According to Lon Rith, Lon Nol did not waver from the principles that guided the Khmer Republic, even in his final days, nor did he ever express regret.
“If he felt regret, you couldn’t tell. You could never tell if he felt desperation or happiness. He always maintained a very, very straightforward, determined [stance],” he said.
“But you knew deep inside he felt very bad for his people…. If he had any regret, it was that he couldn’t do more. There was no possible way for him to help his people at the time when they needed him,” he added.
“He had planned up to the last minute of the war. It didn’t go according to his way. Not because he planned wrong, but because certain people who didn’t understand enough, who saw a way out and made the country what it is…. At the time, when my father left, he gave instructions to [Khmer Republic Prime Minister] Long Boreth to do certain things which were never followed,” he said.
And if there were mistakes, Lon Rith does not feel he should have to answer for them.
“I don’t know how you could put me in the middle of that. It is my choice to defend my father or not, but I had nothing to do with that at the time,” he said. “In this 21st century, you have to talk about how to give people what they need [now] rather than talk about the past.”
To that end, he said that his party plans to focus on bringing basic necessities to the Cambodian people. Sanitation, electricity and schools will be high priorities, he said, as will reforming immigration policy—which may trigger memories in some of his father’s anti-Vietnamese rhetoric. However, Lon Rith said that his policies would not pertain to “any one country, but all countries.”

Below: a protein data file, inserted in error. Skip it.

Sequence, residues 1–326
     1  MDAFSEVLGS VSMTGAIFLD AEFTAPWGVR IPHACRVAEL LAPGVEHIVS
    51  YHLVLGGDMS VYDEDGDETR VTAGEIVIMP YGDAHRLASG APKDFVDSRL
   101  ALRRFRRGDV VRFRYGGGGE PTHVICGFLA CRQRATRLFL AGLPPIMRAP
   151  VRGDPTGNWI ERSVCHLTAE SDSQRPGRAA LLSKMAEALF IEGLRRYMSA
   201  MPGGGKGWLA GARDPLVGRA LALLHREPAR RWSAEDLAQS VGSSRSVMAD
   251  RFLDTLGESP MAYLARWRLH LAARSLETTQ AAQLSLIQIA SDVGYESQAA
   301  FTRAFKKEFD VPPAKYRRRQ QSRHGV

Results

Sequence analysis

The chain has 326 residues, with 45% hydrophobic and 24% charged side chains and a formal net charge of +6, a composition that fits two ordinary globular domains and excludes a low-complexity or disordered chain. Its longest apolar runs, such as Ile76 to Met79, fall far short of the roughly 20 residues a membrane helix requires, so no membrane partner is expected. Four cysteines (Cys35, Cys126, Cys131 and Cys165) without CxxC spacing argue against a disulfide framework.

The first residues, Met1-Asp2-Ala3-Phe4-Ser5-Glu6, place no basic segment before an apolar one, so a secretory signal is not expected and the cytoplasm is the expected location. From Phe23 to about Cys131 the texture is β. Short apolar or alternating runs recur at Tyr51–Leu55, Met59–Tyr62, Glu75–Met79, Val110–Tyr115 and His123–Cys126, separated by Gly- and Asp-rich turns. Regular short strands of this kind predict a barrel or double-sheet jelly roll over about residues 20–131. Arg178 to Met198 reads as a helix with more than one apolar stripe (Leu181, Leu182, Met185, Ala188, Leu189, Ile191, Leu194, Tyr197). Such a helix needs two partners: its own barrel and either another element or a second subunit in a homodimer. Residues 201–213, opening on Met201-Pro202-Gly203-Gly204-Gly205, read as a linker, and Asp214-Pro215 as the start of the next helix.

As for an economic strategy to raise the standard of living, Lon Rith said he’s still working on it.
“I have a five-year economic plan which I will reveal at a later date, when the time comes,” he said, adding that a specific date for the party’s first congress has not been set in stone.
“I am here to get a definite date and plan,” he said, claiming to have supporters in every province and municipality, totaling somewhere in the “millions.”
Koul Panha, director of the Committee for Free and Fair Elections, said Sunday that he thinks the KRP will find it difficult to win National Assembly seats come July.
Lon Rith “has some political capital from his father,” he said, “but I really don’t know what to decide about that.”
Koul Panha noted that most voters were born after 1975, and that among those old enough to remember life under Lon Nol, opinion remains divided on the Khmer Republic.
Limited time before July elections will also hinder the KRP’s ability to connect with voters, he said.
Lon Rith knows he hasn’t much time, but he promised to stay the course no matter the challenge.
“We are running against time,” he said, but “even if I had only three months, I still would have done it. It’s in my nature: if I do something, I follow through. I think my father would have done the same thing.”
(Additional reporting by Douglas Gillison) .